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Environmentally Responsible Design
Choosing a book to review this issue was a difficult task. I needed a break from the heavy emphasis on environmentalism in general. I had taken a break last August when I reviewed The Power of Now. I figured it was part of the social piece of sustainability. Still, you could argue that it was a stretch for our mission, but each of us does need to sustain ourselves and for me, it helped revive my spirit. This time, I knew I wanted to focus more directly on Interior Design but just wasn't enthusiastic about any of the options I was considering. Then, when I was surfing Amazon, I stumbled on Environmentally Responsible Design. It turns out this book is a little jewel. I use the term "jewel" as only a true sustainable design geek like me could. It's principle intent is to be a textbook. And, no, not even I cuddle up with textbooks while hanging out in my lawn chair. But, as obviously well suited as this book is to the classroom, it's also a comprehensive reference resource for professional designers. A book you should know about.
Designers new to sustainability will find plenty of background and basic information. Those familiar with the concepts, processes, and product alternatives will find important reminders as well as more in depth technical information. Chapters six and seven regarding lighting design and HVAC are examples of important reference sections. The first two chapters give a global sustainability perspective and then an historic one. The timeline of human and environmental interactions is easy to scan and gave me new information as well as a better understanding of events relative to each other. The book concludes with two case studies. One, the renovation of a 376,000 square foot building used to house the Order of the Sisters of the Immaculate Heart of Mary. The second, a 75,000 square foot building on the campus of Eastern Michigan University. Each gives detailed insights into environmentally repsonsible design decisions. Black and white photos throughout the book help tell the story and keep the cost of the book more affordable than the use of color photos.
I quickly noticed that the book was edited by Dr. Louise Jones of Eastern Michigan University. She's practically a neighbor of mine as I'm on the West side of the state just a couple of hours away. That simple fact somehow gave me the feeling that I could contact her and when I did, she was gracious enough to give me some time and help me understand the journey that culminated in Environmentally Responsible Design.
As it turns out, Dr. Jones and educators around the country were each creating their own sustainable design curriculums and that, along with accreditation requirements made it obvious that a sustainable design textbook was needed. So, a group of educators collaborated and together created Environmentally Responsible Design. Dr. Jones led the team which included Anna Marshall-Baker of the University of North Carolina, Linda Nussbaumer of South Dakota University, Dorothy Fowles of Iowa State University, Jeffrey Tiller and Jeanne Mercer-Ballard of Appalachian State University, Amanda Gale of Eastern Michigan University, and Helena Moussatache of Savannah College of Art and Design. Each took responsibility for a topic they were already researching and interested in pursuing. The result is a surprisingly cohesive reference guide to sustainable design.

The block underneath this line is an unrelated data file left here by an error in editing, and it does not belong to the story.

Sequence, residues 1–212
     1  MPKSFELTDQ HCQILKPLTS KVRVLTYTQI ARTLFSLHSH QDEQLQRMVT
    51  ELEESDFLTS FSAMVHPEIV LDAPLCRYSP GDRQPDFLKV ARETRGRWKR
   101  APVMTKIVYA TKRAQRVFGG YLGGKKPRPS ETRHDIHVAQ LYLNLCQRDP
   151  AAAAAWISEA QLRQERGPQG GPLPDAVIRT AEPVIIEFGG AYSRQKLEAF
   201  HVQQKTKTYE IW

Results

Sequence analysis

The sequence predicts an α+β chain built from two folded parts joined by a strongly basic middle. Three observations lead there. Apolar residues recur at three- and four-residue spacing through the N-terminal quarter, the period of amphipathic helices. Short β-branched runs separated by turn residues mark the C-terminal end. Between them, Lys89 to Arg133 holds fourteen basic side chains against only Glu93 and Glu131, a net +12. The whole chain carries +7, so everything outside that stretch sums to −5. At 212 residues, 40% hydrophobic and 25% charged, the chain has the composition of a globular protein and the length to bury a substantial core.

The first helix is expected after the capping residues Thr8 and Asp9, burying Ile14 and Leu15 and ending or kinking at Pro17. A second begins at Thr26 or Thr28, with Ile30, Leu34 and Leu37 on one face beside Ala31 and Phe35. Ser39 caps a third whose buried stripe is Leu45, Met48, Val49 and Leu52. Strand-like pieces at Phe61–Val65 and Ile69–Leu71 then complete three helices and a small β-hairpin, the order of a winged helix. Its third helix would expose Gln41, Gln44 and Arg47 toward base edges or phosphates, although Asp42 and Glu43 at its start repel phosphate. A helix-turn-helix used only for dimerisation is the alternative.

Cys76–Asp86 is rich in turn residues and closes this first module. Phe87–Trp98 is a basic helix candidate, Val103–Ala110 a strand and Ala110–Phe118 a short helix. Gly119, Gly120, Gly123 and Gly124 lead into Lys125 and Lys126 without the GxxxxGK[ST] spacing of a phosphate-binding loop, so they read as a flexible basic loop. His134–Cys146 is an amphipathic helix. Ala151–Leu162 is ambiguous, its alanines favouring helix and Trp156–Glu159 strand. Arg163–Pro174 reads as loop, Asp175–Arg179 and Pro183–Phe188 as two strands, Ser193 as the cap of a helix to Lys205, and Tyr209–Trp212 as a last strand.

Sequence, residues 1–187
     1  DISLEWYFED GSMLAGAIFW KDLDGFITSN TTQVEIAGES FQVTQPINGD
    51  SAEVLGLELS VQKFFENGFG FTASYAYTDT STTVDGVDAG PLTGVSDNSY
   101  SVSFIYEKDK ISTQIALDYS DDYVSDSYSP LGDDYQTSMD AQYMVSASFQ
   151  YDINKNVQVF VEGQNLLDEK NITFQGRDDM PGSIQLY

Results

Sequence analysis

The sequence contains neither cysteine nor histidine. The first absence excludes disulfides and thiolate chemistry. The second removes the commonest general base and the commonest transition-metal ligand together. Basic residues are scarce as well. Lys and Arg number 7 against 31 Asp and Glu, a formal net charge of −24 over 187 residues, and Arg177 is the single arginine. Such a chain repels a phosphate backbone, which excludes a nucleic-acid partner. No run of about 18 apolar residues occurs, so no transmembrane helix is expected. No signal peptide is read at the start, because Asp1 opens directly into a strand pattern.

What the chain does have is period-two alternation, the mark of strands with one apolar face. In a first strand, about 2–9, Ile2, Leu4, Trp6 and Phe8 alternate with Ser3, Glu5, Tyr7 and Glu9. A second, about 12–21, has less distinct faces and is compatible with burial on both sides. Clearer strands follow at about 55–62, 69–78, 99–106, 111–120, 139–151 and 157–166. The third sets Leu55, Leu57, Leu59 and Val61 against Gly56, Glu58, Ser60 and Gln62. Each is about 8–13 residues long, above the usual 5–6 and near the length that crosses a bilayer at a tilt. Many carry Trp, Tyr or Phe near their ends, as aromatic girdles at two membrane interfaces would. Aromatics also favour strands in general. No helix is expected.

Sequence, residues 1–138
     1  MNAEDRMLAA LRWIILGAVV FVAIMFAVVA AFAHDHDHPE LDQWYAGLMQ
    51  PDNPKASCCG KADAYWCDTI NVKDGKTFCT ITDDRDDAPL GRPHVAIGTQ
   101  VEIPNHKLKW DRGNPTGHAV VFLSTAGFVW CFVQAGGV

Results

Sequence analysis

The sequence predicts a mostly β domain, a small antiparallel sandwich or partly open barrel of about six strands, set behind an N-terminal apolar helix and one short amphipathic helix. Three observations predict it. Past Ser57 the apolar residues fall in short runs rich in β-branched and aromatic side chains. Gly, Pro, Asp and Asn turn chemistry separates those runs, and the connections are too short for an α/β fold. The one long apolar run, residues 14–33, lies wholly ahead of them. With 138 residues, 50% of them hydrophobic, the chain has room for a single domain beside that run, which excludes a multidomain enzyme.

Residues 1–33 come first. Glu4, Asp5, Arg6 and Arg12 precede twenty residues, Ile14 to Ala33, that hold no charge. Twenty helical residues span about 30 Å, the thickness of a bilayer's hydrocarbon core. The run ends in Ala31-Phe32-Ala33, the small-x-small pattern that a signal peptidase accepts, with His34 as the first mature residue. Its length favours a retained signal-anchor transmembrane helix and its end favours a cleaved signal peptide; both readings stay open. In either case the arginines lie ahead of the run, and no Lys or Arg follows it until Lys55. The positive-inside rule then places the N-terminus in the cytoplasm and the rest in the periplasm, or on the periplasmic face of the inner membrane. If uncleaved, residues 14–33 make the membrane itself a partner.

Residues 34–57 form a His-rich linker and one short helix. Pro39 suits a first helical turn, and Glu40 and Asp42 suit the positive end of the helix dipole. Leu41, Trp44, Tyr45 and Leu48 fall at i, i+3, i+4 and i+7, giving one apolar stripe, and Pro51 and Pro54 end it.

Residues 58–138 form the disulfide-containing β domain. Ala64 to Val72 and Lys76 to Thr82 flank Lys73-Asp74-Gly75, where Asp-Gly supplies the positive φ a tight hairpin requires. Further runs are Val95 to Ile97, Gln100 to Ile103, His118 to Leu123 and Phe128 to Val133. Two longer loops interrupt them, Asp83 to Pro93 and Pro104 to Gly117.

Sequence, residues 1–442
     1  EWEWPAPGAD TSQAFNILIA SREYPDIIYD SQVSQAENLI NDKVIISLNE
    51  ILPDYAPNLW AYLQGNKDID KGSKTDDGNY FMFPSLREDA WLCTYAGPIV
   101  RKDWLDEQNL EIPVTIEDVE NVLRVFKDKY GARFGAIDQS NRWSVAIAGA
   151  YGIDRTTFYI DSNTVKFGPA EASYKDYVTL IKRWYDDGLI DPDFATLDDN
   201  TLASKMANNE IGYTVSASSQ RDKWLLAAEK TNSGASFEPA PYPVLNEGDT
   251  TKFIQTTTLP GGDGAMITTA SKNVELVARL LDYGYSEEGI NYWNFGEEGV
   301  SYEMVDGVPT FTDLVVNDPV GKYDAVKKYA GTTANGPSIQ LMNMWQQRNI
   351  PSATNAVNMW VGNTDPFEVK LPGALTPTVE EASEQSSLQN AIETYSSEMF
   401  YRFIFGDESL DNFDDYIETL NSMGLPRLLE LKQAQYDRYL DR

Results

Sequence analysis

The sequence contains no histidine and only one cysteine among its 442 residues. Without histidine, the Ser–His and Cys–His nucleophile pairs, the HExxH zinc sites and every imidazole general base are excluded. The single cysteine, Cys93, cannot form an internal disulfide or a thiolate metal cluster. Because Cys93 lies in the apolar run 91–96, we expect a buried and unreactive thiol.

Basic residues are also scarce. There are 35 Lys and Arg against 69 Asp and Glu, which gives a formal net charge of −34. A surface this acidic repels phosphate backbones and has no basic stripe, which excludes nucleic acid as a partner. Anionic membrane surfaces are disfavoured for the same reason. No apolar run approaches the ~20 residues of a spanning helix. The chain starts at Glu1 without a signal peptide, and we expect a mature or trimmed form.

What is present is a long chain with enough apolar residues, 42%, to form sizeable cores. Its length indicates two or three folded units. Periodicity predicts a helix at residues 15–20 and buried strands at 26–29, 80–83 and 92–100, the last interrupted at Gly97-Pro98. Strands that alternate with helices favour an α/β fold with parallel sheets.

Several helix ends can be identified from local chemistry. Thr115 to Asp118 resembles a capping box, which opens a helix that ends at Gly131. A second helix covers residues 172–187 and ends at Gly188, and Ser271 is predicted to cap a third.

Now, the book is titled Environmentally Responsible Design, and that was actually one of the things that drew me to it. I'm tired of all the green wash and hype and the title sounded like it was well grounded. But, as much as I appreciate the title, I still prefer the term "sustainable design". But, as is noted in the book and as Dr. Jones explained to me, through research for the book it was discovered that most people considered sustainable design to mean "a macro perspective that addresses the health and well being of the global ecosystems that support life for both current and future generations." And green design means "a micro perspective that addresses the health, safety, and well-being of people in the built environment." Environmentally Responsible Design (ERD...ugh, another acronym) means "a comprehensive perspective that addresses both the health and well-being of people in the built environment and the health and well-being of the global ecosystems that support life for both current and future generations." (p.4) So, the term "environmentally responsible design" (ERD) becomes the term used throughout the book and then in the classroom as the fundamental term covering this shift in the design paradigm. Still, I'll stick with "sustainable design" and continue to use it as I understand it's meaning: design that considers all kinds of impacts on people, the environment and economics at both the macro and micro levels, seeking to minimize harm and maximize benefits. But, regardless of what we name it, I'm thrilled we're all working to practice more responsible designing. .
Along with managing Easy to be Green, I also teach studio courses at Michigan State University and I gave a bit of advice to my internet dependent students, "Remember, there is this place, it's called a library and it's filled with things called books. Some of them are great resources. Some are called reference books because people keep them on their bookshelves and refer to them as needed." Maybe as professionals we can use a little reminder of something basic too; the value of a good reference book.by: Sue Norman